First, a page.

Section 3.1 Quantifiers
We want to be able to use variables in statements. For example, \(x+3/2=4\) is not a statement since it has no truth value. However, if we say, “there exists \(x\) such that \(x+3/2=4\)” or “for all \(x\text{,}\) \(x+3/2=4\text{,}\)” and we know what set \(x\) belongs to, then we can decide whether these statements are true or false.
Definition 3.1.1.
The domain for a quantified statement is the set of possible values for a variable in a quantified statement.
In order to determine whether a statement is true of false, we first need to know the domain.
Example 3.1.2. Domain and Existential Statements.
Let \(D=\mathbb{Z}\text{.}\) Determine whether the statement “there exists \(x\in D\) such that \(x+3/2=4\)” is true or false.
Answer 1.Since \(x=5/2\) is the only value satisfying the equation, but \(x\notin \mathbb{Z}\text{,}\) the statement is false.
Let \(D=\mathbb{R}\text{.}\) Determine whether the statement “there exists \(x\in D\) such that \(x+3/2=4\)” is true or false.
Answer 2.Since \(x=5/2\) is the only value satisfying the equation, and \(x\in \mathbb{R}\text{,}\) the statement is true.
Let \(D=\{5/2\}\text{.}\) Determine whether the statement “there exists \(x\in D\) such that \(x+3/2=4\)” is true or false.
Answer 3.Since \(x=5/2\) is the only value satisfying the equation, and \(x\in D\text{,}\) the statement is true.
Example 3.1.3. Domain and Universal Statements.
Let \(D=\mathbb{Z}\text{.}\) Determine whether the statement “for all \(x\in D\text{,}\) \(x+3/2=4\)” is true or false.
Answer 1.Since \(x=5/2\) is the only value satisfying the equation, certainly every integer does not satisfy the equation. The statement is false.
Let \(D=\mathbb{R}\text{.}\) Determine whether the statement “for all \(x\in D\text{,}\) \(x+3/2=4\)” is true or false.
Answer 2.Since \(x=5/2\) is the only value satisfying the equation, certainly every real number does not satisfy the equation. The statement is false.
Let \(D=\{5/2\}\text{.}\) Determine whether the statement “for all \(x\in D\text{,}\) \(x+3/2=4\)” is true or false.
Answer 3.Since \(x=5/2\) satisfies the equation, and is the only value in \(D\text{,}\) the statement is true.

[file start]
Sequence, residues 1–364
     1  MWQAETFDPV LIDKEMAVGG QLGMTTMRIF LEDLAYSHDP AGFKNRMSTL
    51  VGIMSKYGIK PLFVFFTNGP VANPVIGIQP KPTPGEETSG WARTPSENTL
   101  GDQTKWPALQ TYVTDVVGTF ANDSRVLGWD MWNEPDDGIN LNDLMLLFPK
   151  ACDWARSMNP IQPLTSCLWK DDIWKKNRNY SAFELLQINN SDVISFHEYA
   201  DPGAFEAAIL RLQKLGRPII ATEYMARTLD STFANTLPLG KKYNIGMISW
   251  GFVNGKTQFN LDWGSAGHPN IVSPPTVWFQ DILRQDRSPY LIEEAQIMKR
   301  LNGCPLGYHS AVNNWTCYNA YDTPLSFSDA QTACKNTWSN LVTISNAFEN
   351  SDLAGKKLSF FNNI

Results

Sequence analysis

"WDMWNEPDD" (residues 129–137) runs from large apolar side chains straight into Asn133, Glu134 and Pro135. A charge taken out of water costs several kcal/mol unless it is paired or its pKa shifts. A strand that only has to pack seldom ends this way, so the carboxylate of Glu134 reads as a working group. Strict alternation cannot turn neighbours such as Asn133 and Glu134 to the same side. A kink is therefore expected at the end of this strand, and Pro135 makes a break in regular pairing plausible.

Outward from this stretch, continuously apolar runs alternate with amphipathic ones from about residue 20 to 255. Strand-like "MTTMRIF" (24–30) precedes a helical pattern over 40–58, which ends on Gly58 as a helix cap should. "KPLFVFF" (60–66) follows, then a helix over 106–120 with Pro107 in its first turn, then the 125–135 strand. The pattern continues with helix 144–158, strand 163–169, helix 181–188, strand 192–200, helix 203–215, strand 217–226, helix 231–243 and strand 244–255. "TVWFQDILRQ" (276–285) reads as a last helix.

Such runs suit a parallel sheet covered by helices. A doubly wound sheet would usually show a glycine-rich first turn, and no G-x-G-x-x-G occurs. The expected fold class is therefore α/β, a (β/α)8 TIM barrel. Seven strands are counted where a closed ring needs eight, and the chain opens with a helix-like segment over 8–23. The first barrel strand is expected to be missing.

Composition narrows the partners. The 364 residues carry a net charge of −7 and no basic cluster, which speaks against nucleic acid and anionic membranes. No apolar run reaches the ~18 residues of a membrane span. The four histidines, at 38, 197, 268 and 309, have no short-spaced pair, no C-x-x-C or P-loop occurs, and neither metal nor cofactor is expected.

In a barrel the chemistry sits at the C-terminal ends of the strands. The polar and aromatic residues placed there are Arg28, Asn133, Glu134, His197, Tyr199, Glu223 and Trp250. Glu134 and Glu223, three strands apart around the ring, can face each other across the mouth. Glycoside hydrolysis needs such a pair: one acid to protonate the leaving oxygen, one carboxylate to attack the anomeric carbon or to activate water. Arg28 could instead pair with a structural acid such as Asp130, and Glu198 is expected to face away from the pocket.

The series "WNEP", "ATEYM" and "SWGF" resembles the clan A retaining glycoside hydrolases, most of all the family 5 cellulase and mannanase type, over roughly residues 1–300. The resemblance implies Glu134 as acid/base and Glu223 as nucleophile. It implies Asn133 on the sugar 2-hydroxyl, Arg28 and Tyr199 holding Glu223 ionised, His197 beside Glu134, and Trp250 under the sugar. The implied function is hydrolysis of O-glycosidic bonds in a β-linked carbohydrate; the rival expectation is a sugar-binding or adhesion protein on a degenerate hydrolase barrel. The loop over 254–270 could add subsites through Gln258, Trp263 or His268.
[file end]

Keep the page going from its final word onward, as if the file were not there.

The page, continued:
We want to be able to work with generic statements, like \(p\) and \(q\text{,}\) but also with variables. Instead of \(p\) we will use \(P(x)\text{.}\) An expression, \(P(x)\text{,}\) represents some property or expression about \(x\text{.}\) We call \(P(x)\) the predicate.
In our above examples, \(P(x)\) is \(x+3/2=4\text{.}\)
Our properties don't just need to be mathematical, though. For example we could have a predicate such as \(P(x)\) is “\(x\) is a math major.” In this case our domain could be the set of students at Linfield or the set of students in Discrete Math.
One goal with quantified statements is to be able to for which values in the domain they are true.
Definition 3.1.4.
The truth set for a predicate, \(P(x)\text{,}\) is the set of values for \(x\) that make \(P(x)\) true.
Example 3.1.5. Finding Truth Sets.
Find the truth set for \(P(x)\) given by \(x+3/2=4\text{.}\)
Answer 1.Since \(x=5/2\) is the only value satisfying the equation, the tuth set is \(\{5/2\}\text{.}\)
Find the truth set for \(P(x)\) given by \(x\) is even.
Answer 2.The truth set is the set of all even numbers.
Quantifiers.

Universal quantifier.
\(\forall\), read as “for all” or “for every.”

Existential quantifier.
\(\exists\), read as “there exists” or “for some.”
Definition 3.1.6.
A universal statement has the form \(\forall x\in D, P(x)\text{.}\)
To show a universal statement is true, you need to show all values in \(D\) make \(P(x)\) true. If your set is small, you can do this just by showing \(P(x)\) is true for each \(x\) (method of exhaustion). If \(D\) is infinite, however, we will need more general techniques.